Laura Bush, Mexico fight breast cancer
( AP )- First lady Laura Bush joined her Mexican counterpart on Friday to inaugurate a two-country alliance to promote breast cancer awareness and research.
At the launch of the U.S.-Mexico Partnership for Breast Cancer Awareness and Research, Bush and Margarita Zavala spoke of improving education and doing away with stigmas attached to breast cancer so women will not be afraid to get medical help.
"In Mexico, one out of every 258 women will discover they have breast cancer in the next 10 years," Bush said at the ceremony in the Mexican capital. "The majority of these cases will be detected in their later stages, greatly reducing their chances of survival."
Through the partnership, which will eventually be extended to Brazil and Costa Rica, U.S. and Mexican specialists will collaborate to fight breast cancer.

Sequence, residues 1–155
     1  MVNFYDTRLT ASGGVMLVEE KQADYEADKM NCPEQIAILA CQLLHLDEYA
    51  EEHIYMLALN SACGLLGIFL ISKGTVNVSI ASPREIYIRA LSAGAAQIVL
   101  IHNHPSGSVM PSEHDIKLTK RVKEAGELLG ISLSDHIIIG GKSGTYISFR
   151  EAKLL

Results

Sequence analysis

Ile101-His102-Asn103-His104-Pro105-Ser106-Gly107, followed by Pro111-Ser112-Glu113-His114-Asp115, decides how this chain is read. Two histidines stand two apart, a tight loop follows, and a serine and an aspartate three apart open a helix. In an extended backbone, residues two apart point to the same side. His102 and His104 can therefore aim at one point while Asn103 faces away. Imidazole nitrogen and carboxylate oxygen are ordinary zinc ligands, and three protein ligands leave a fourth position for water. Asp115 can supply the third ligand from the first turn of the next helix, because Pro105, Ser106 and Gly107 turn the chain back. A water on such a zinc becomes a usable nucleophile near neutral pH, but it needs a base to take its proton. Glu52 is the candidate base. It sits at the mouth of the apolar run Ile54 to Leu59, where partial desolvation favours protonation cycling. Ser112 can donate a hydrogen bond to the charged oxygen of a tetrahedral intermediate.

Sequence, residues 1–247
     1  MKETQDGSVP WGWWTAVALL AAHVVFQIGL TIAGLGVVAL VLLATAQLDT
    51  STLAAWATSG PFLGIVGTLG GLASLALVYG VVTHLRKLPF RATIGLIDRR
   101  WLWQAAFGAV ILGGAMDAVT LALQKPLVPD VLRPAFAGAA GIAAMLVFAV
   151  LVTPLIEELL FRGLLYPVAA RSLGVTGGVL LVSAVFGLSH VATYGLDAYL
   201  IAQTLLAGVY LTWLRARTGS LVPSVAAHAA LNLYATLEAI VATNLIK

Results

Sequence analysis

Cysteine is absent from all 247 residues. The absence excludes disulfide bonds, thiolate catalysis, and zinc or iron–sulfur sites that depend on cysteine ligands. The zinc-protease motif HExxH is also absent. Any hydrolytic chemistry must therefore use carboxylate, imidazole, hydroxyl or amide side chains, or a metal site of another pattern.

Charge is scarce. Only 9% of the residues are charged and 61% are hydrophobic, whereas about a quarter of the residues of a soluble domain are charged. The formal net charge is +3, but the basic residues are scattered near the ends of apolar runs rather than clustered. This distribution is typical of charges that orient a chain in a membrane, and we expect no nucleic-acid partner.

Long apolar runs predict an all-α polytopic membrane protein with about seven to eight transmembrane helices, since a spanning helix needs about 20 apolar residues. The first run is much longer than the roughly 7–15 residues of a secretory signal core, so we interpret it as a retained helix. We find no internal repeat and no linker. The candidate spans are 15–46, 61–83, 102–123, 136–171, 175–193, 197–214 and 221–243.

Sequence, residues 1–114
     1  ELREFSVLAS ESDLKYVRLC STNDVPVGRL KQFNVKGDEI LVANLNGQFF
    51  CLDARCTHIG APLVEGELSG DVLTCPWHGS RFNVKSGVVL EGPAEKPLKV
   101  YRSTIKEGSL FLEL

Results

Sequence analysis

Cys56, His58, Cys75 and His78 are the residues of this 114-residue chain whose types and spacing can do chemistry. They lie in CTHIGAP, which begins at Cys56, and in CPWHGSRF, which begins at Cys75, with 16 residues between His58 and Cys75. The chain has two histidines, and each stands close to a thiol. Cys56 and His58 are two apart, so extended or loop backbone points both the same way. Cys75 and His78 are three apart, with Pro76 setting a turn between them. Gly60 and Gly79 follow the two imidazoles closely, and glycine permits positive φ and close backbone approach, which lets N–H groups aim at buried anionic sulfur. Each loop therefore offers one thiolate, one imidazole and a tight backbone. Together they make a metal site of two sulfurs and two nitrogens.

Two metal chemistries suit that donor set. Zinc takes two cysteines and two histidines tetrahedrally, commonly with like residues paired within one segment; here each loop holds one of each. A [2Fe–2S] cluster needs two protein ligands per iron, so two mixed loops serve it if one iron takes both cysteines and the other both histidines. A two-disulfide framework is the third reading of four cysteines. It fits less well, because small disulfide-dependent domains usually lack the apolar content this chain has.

The Susan G. Komen for the Cure foundation will play a role training Mexican women to become breast cancer advocates, and has already given workshops in the capital and the northern city of Monterrey, Bush said.
About 4,200 women die of breast cancer each year in Mexico, and the number is increasing, said Hala Moddelmog, president and CEO of the foundation. Some 95 percent of those cases are detected at an advanced stage, according to the National Cancer Institute.
"The lack of information and awareness is what makes lifesaving early detection most difficult to achieve," Zavala said at the event. "Fighting breast cancer also means fighting the prejudices that accompany it."
Bush arrived in Mexico on Thursday afternoon after a visit to Haiti, where she promoted funding for AIDS patients and support for education.
In Mexico, she also met with female political and business leaders. Friday's inauguration was her last scheduled event on the Latin America trip.